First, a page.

MONTICELLO, Iowa -- Hillary Rodham Clinton Tuesday hit the talking points she hopes to use to reconnect with voters by stressing her background as an education reformer, swapping stories about how she was a homesick college student, and saying her grandchild is a big reason for her second bid for the Democratic presidential nomination.
Appearing at Kirkwood Community College here, Clinton strongly defended the Common Core academic standards, which are under assault in states such as New York. She also joked about the far better economic times for college graduates during the administration of her husband, President Bill Clinton.
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"I didn't know what I would be doing," she told a small group of college and high school students and their instructors. "I never thought I'd be sitting here telling you I'm running for president, but I knew if I got a good education I had to do my part, I had to work hard . . . if I did, this country held out so much promise for me and it then would be up to me to find my way forward. That's what I want for everybody."
She joked with students through a two-hour session in which she listened and asked questions more than she made political statements. The former first lady, senator and secretary of state said her granddaughter, Charlotte, is a major motivation to trying to win over the Iowans she failed to attract in her 2008 presidential campaign.
"I have this new granddaughter and I want her to have every opportunity, but I want every child in our country to have every opportunity," Clinton, 67, said. "It's one of the main reasons that I decided to run."
Clinton strongly supported the Common Core, a nationwide education system aimed at raising the academic standards in all schools and using standardized tests to make schools and teachers accountable. In New York, teachers unions, parents and politicians from each major party have railed against the Common Core as unfair and too reliant on standardized tests.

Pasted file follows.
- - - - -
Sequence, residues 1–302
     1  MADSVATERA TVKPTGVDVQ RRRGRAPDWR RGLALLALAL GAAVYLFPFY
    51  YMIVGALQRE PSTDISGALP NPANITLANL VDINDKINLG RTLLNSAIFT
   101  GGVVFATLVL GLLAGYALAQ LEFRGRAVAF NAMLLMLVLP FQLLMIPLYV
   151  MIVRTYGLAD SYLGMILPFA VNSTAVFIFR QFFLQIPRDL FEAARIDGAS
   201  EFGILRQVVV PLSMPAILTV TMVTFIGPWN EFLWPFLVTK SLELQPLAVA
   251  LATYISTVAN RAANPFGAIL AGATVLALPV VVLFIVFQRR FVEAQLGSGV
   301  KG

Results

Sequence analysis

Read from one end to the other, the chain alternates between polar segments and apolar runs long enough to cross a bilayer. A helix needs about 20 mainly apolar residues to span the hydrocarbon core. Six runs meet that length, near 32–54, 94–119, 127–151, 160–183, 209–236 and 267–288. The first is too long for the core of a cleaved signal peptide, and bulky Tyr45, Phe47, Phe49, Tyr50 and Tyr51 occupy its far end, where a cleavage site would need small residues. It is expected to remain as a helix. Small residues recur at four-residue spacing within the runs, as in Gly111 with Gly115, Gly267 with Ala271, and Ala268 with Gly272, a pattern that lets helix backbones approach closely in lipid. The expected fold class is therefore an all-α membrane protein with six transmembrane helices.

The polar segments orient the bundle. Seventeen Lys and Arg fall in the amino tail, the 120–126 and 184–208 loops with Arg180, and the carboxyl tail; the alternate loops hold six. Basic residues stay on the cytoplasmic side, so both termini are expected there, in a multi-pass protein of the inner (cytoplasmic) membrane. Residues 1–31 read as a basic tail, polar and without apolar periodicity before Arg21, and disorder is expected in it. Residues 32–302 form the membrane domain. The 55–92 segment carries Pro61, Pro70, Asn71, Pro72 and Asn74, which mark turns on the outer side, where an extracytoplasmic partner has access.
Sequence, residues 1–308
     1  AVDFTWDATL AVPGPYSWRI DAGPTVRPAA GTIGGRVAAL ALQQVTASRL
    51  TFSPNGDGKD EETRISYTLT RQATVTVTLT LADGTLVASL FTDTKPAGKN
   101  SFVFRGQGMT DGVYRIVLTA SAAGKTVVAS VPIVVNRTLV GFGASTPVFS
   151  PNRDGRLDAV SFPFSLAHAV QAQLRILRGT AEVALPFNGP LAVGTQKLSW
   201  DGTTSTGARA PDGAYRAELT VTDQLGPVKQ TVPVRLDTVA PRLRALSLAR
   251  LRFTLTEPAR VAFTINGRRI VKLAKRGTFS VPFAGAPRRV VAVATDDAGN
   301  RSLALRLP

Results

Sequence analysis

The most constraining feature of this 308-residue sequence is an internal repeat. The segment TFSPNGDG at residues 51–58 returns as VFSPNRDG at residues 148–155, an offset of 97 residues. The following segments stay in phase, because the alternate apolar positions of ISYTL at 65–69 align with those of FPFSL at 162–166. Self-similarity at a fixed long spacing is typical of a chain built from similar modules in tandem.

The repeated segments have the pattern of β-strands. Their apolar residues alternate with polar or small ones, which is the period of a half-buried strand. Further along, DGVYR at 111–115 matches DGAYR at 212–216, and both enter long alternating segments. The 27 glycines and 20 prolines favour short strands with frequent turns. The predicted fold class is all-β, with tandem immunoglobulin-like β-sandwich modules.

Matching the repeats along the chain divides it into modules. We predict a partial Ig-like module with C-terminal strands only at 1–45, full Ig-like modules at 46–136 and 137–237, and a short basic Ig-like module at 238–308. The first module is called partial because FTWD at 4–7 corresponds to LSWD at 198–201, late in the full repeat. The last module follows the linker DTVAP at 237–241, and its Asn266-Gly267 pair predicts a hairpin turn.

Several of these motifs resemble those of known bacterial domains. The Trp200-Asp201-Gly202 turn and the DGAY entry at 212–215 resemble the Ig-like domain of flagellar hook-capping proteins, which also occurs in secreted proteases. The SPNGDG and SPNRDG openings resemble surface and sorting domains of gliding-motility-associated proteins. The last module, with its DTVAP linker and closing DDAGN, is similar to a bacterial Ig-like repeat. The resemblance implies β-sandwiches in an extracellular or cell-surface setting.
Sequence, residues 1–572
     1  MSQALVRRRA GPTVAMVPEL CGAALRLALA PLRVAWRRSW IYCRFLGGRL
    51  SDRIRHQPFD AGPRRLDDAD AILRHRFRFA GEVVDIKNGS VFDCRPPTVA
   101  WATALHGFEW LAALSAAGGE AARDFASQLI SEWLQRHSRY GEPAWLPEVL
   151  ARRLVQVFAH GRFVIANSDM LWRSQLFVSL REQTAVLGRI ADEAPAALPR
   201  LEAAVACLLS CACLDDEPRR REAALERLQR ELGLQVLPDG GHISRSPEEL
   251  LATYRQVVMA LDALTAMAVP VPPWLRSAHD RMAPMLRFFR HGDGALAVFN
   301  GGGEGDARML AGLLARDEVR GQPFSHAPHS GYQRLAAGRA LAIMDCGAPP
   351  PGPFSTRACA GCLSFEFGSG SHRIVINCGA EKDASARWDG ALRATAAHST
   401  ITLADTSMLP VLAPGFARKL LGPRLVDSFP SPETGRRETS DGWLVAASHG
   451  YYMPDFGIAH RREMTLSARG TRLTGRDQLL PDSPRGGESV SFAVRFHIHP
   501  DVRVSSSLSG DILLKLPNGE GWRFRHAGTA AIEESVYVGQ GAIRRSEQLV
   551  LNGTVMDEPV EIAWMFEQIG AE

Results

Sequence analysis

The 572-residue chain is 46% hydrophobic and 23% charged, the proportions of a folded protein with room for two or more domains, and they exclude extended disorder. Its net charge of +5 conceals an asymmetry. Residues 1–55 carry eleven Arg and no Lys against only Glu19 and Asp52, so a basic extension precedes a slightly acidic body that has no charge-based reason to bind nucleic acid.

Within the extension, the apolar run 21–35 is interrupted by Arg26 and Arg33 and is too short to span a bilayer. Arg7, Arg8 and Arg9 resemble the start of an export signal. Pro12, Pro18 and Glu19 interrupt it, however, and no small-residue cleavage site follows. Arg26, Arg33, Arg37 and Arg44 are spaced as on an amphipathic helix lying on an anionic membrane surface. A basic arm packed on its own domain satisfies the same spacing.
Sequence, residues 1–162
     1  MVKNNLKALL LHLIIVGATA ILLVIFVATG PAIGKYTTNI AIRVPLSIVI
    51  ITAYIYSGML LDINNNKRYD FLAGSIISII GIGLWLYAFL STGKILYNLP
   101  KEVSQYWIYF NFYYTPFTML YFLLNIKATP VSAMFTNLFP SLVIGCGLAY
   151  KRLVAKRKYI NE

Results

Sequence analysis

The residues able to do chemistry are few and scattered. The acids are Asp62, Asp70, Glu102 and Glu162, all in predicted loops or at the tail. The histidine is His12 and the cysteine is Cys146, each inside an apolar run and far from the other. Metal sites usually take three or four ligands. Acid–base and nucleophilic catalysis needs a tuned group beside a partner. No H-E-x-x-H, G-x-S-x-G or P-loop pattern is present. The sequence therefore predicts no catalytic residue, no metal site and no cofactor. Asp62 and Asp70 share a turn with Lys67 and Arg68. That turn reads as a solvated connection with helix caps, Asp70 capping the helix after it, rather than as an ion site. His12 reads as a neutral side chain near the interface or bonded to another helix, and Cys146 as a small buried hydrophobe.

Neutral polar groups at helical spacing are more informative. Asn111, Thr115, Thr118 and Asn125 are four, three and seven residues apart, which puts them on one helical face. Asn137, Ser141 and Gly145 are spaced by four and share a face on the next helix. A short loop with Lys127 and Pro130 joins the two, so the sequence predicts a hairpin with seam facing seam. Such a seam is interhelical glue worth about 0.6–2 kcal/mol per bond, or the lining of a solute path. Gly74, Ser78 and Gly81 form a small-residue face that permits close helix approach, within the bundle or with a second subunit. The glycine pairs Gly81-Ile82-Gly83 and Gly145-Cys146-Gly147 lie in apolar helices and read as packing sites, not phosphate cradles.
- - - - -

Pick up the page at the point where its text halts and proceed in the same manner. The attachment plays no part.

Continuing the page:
Clinton said it pains her to hear opposition to Common Core and noted that it is supported more in Iowa, which has long had its own core curriculum and assessment tests.
"You see the value of it, you see why that helps you organize your whole education system," Clinton said. "And a lot of states, unfortunately, haven't had that, and don't understand the value . . .
"We need to try to get back into a broad conversation, where people will actually listen to each other," she said.
Nursing students Lorie Theisen and Jennie Snedden learned of Clinton's visit to rural Iowa in their first class of the day, and blew off studying for a major test critical for graduation from Clarke University.
"We just had to be here," said Snedden, 37, of New Vienna, Iowa. "I typically vote Democratic, and now that there's a Democratic woman running, I'm in." They dismissed Republican Sen. Marco Rubio's comments from Monday that Clinton's day had passed.
"We have the tea party and we have extreme liberals and, yes, she's a Democrat, but she's more midline than any of our options," said Theisen, 38, of Dubuque, Iowa.
Rubio, of Florida, held a highly charged rally in Miami on Monday announcing his candidacy and criticizing the old politics that he said is practiced by politicians such as Clinton.